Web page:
Here’s yet another reason why PHP is deficient when it comes to doing Real Work with Real Databases.
We’re currently working on a PostgreSQL-based database with six million book records. We want to walk
the book table and slurp up the rows as we go. The code looks like this.

$sql = 'select field1, field2, ... field8 from book';
$set = pg_query( $sql );
while ( $row = pg_fetch_row( $set ) ) {
// Do some processing
}
pg_free_result( $set );

Nothing crazy, right? I’m just walking the table, one row at a time. However,
the PHP PostgreSQL functions slurp up
all six million rows, even though my calling code doesn’t need to see all the rows at once.
This eats up tons of RAM and makes us worry about memory allocation for the PHP process.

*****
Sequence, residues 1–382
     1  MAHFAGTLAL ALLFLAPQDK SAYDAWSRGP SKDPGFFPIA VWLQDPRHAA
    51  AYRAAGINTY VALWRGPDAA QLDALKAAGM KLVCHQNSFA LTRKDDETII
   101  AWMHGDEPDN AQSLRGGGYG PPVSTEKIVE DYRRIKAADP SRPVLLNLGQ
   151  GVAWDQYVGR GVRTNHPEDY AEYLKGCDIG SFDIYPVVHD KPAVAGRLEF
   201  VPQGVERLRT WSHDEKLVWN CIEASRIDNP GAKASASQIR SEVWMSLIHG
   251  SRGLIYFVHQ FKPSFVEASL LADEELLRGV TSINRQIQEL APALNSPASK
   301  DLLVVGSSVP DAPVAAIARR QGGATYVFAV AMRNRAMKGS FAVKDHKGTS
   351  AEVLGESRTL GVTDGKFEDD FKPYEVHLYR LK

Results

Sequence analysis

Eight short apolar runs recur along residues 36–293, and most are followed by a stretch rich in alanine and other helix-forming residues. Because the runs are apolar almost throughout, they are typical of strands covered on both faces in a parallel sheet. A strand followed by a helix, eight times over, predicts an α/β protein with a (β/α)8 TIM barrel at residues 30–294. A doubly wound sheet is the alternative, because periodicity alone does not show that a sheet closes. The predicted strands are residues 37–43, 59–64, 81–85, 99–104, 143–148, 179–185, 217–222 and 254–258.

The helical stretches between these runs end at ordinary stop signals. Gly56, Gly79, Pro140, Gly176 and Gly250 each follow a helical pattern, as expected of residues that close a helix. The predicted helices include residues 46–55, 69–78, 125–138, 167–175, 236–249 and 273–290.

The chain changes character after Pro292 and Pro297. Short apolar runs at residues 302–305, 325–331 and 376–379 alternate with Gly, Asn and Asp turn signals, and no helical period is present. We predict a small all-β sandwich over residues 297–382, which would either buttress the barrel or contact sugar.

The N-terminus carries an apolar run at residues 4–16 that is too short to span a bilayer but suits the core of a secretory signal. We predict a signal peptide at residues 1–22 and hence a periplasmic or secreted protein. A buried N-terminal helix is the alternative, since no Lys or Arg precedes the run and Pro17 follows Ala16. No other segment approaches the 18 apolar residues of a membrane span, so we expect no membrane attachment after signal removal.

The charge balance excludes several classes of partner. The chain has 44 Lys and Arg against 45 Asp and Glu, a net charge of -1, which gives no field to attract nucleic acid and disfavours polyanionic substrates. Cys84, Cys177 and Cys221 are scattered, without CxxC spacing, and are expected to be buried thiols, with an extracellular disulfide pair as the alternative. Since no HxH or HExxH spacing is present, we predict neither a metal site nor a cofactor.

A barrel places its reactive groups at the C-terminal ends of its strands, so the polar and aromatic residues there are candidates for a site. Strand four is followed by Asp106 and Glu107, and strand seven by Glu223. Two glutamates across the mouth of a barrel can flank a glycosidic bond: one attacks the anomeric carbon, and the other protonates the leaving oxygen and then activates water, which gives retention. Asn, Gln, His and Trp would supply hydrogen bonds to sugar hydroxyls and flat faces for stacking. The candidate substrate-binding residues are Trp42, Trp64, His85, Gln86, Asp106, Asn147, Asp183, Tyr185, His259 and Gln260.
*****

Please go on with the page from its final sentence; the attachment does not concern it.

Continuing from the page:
too bad for us users! We can’t even get to the first pg_fetch_row() call because the pg_query slurps up all the rows immediately.

Now, there IS functionality where you can retrieve a given row, like:

$row = pg_fetch_row( $set, $rowno );

In this case, it’s necessary to iterate to that given $rowno, but even then you wouldn’t have to get to the end of the dataset.

If that’s not lazy enough coding on the back end, check out
this little nugget from the docs for the pg_free_result
function:

pg_free_result() frees the memory and data associated with the specified PostgreSQL query result resource.

This function need only be called if memory consumption during script execution is a problem. Otherwise, all result memory will be automatically freed when the script ends.

The PHP docs encourage sloppy coding. Rather than promoting good, safe programming behaviors, they’re saying “Eh, no big deal.” It’s like the PHP team knows that
PHP won’t be used on large datasets, and it becomes a self-fulfilling prophecy.

PHP needs to be left to the ghetto of guestbooks and the odd bulletin board system. Leave the real work to the real languages.